Spatial organization of intestinal microbiota in health and disease
- Alexander Swidsinski, MD
Alexander Swidsinski, MD
- Laboratory for Molecular Genetics,
- Polymicrobial Infections, and Bacterial Biofilms
- Humboldt University, Charité Hospital
- Vera Loening-Baucke, MD
Vera Loening-Baucke, MD
- Professor Emerita, Pediatrics
- The University of Iowa
The alimentary tract represents an interface between the external environment and the body. Within it exists a complex polymicrobial ecology that interacts with the internal and external environment and has an important influence on health and disease.
The properties of isolated microorganisms do not explain how the polymicrobial community functions or why its organisms can grow under conditions that should be deadly to them . An understanding of how microorganisms interact with each other, their host, and the luminal contents is expanding rapidly.
A major advance in understanding the function of the intestinal microbiota has been the development of techniques that permit a detailed assessment of the composition of the flora and its distribution throughout the alimentary tract. One of the methods to visualize single bacterial species within complex communities is called ribosomal RNA fluorescence in situ hybridization (FISH).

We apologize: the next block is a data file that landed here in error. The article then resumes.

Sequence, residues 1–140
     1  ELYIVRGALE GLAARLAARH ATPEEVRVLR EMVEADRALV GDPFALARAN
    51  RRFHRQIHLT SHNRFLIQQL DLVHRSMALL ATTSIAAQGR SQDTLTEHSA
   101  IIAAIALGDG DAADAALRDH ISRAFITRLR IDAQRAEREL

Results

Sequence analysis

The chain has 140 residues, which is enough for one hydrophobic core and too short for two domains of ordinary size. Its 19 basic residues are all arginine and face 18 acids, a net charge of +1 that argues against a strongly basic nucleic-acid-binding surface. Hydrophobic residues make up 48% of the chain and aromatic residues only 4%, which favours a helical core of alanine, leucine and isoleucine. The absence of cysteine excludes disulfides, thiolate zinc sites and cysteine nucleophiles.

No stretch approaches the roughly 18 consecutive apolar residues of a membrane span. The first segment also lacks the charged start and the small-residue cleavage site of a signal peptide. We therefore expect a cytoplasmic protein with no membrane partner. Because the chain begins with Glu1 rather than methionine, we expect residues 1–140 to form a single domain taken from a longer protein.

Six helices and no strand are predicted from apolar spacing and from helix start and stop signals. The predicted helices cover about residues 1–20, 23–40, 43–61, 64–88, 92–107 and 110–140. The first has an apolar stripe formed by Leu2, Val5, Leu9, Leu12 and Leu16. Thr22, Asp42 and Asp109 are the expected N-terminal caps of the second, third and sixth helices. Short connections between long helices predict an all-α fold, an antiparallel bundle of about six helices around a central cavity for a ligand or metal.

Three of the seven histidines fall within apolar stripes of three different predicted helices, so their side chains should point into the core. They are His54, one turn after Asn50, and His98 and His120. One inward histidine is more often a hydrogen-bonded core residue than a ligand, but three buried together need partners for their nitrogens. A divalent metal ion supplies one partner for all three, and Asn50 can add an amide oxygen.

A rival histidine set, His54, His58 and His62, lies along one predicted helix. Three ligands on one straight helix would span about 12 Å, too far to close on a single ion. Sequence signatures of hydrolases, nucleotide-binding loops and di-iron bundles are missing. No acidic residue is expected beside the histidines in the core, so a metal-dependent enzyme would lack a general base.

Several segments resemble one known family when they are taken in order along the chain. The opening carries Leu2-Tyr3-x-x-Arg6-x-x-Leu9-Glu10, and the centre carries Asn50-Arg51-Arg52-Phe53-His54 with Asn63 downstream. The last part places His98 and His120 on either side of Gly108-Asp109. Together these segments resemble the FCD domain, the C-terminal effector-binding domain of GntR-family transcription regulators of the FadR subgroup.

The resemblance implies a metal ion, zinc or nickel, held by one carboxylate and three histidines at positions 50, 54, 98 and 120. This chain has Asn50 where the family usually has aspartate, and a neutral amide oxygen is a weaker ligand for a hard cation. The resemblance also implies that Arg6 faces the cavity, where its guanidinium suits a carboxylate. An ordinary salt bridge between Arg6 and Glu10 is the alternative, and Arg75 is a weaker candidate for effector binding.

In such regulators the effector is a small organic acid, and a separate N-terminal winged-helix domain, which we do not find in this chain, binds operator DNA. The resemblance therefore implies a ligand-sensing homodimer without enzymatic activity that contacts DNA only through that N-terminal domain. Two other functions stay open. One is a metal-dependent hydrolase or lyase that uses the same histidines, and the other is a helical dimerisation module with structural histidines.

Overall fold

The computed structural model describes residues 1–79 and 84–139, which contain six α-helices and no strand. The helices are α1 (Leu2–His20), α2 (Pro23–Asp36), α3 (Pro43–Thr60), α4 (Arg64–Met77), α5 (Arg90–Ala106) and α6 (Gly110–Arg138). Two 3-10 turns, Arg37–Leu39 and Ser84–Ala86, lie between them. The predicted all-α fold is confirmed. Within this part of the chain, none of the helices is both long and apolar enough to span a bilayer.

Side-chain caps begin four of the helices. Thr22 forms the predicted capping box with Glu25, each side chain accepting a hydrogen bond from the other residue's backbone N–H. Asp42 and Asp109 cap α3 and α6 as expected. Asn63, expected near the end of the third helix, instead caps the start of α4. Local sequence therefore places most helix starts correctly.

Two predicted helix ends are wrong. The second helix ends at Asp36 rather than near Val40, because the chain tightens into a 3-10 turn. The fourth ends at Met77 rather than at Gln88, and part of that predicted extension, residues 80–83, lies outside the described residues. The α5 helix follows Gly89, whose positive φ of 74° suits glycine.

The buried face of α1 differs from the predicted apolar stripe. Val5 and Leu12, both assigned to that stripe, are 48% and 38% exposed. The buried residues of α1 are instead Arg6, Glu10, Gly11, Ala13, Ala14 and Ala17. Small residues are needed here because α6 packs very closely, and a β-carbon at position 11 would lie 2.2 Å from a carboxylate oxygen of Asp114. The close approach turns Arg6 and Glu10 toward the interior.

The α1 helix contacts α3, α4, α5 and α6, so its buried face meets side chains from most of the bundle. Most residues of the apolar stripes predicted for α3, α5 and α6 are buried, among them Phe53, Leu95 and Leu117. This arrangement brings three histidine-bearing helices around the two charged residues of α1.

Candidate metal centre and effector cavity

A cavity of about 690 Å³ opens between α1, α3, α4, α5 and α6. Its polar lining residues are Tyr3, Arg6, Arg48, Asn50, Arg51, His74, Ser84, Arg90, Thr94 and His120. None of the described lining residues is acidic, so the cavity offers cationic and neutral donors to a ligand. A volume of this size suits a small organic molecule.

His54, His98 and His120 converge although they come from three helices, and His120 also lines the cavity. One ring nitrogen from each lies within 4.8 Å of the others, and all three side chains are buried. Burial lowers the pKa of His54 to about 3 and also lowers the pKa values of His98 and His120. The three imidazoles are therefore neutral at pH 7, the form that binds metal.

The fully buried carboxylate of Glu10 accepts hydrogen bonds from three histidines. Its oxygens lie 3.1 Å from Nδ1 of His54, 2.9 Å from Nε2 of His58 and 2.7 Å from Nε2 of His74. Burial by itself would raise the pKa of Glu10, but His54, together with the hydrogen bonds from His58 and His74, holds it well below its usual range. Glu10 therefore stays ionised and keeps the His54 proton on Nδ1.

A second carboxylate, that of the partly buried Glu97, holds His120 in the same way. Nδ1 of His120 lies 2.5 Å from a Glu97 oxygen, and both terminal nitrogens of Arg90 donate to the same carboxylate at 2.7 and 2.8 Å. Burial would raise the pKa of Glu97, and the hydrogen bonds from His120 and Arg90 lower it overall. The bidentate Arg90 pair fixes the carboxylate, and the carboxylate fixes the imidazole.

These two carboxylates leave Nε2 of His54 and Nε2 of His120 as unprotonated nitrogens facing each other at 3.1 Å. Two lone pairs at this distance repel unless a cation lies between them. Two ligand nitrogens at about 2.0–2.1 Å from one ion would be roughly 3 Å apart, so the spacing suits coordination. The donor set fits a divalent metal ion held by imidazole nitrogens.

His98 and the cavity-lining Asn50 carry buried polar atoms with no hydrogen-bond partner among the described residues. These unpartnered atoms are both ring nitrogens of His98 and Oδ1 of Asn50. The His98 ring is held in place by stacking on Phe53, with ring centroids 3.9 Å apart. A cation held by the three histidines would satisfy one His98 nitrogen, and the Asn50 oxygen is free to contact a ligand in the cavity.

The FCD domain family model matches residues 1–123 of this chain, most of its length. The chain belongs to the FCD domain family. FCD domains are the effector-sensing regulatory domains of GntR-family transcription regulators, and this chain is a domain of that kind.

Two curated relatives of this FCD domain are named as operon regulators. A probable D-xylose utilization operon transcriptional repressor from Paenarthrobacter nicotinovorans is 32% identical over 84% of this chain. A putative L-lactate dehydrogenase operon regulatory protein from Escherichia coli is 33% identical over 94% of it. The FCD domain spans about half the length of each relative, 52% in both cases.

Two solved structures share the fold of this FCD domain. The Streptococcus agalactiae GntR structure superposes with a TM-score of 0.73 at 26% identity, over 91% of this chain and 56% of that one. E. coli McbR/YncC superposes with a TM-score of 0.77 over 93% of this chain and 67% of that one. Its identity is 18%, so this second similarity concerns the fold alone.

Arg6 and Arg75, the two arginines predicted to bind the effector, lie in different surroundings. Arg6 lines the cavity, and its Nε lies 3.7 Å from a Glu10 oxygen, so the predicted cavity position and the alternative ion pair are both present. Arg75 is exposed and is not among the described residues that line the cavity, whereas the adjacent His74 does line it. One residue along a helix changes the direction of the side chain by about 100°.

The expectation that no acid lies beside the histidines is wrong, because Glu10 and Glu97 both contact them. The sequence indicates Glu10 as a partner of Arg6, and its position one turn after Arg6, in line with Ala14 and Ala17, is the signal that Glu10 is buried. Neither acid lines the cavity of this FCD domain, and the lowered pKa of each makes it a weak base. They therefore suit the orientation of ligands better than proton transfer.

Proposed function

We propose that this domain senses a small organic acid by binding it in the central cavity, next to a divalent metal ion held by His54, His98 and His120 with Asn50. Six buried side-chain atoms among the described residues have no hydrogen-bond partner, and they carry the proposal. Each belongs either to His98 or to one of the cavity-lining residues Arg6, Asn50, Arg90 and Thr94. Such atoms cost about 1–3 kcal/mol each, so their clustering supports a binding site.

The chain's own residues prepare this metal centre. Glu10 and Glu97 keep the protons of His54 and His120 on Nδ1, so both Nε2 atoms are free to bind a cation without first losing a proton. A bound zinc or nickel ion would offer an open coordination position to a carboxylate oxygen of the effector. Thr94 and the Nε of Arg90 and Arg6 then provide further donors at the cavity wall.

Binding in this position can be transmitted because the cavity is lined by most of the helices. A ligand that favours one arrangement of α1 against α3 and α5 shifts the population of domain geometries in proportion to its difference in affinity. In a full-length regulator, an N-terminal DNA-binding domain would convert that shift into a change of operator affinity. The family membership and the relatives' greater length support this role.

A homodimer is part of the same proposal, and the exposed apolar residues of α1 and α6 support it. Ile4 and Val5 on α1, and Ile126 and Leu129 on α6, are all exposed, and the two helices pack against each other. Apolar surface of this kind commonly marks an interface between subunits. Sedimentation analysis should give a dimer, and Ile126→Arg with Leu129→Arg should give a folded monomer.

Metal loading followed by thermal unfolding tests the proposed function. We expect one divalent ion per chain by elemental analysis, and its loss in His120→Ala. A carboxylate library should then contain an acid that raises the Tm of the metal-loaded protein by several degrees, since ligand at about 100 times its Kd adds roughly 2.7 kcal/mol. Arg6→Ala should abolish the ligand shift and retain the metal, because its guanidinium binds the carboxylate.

Each bacterium possesses tens of thousands of ribosomes, each of which includes a copy of the bacterial RNA. Some of the regions of the ribosomal RNA are strain-specific, others are universal for groups, domains, or even kingdoms. Synthetically produced oligonucleotides that are complementary to sequences of interest can be labeled with fluorescent dye and added to samples containing bacteria. These oligonucleotides, called FISH probes, hybridize with RNA of bacterial ribosomes. Bacteria can be visualized with the microscope directly without additional enhancement because of the high number of ribosomes within each bacterium [2,3].
The names of the FISH probes described in this topic review are based on abbreviations of probeBase online resource for rRNA-targeted oligonucleotide probes .
- Kuramitsu HK, He X, Lux R, et al. Interspecies interactions within oral microbial communities. Microbiol Mol Biol Rev 2007; 71:653.
- Amann RI, Ludwig W, Schleifer KH. Phylogenetic identification and in situ detection of individual microbial cells without cultivation. Microbiol Rev 1995; 59:143.
- Amann R, Fuchs BM. Single-cell identification in microbial communities by improved fluorescence in situ hybridization techniques. Nat Rev Microbiol 2008; 6:339.
- Loy A, Maixner F, Wagner M, Horn M. probeBase--an online resource for rRNA-targeted oligonucleotide probes: new features 2007. Nucleic Acids Res 2007; 35:D800.
- Swidsinski A, Göktas O, Bessler C, et al. Spatial organisation of microbiota in quiescent adenoiditis and tonsillitis. J Clin Pathol 2007; 60:253.
- Kandulski A, Selgrad M, Malfertheiner P. Helicobacter pylori infection: a clinical overview. Dig Liver Dis 2008; 40:619.
- Swidsinski A, Schlien P, Pernthaler A, et al. Bacterial biofilm within diseased pancreatic and biliary tracts. Gut 2005; 54:388.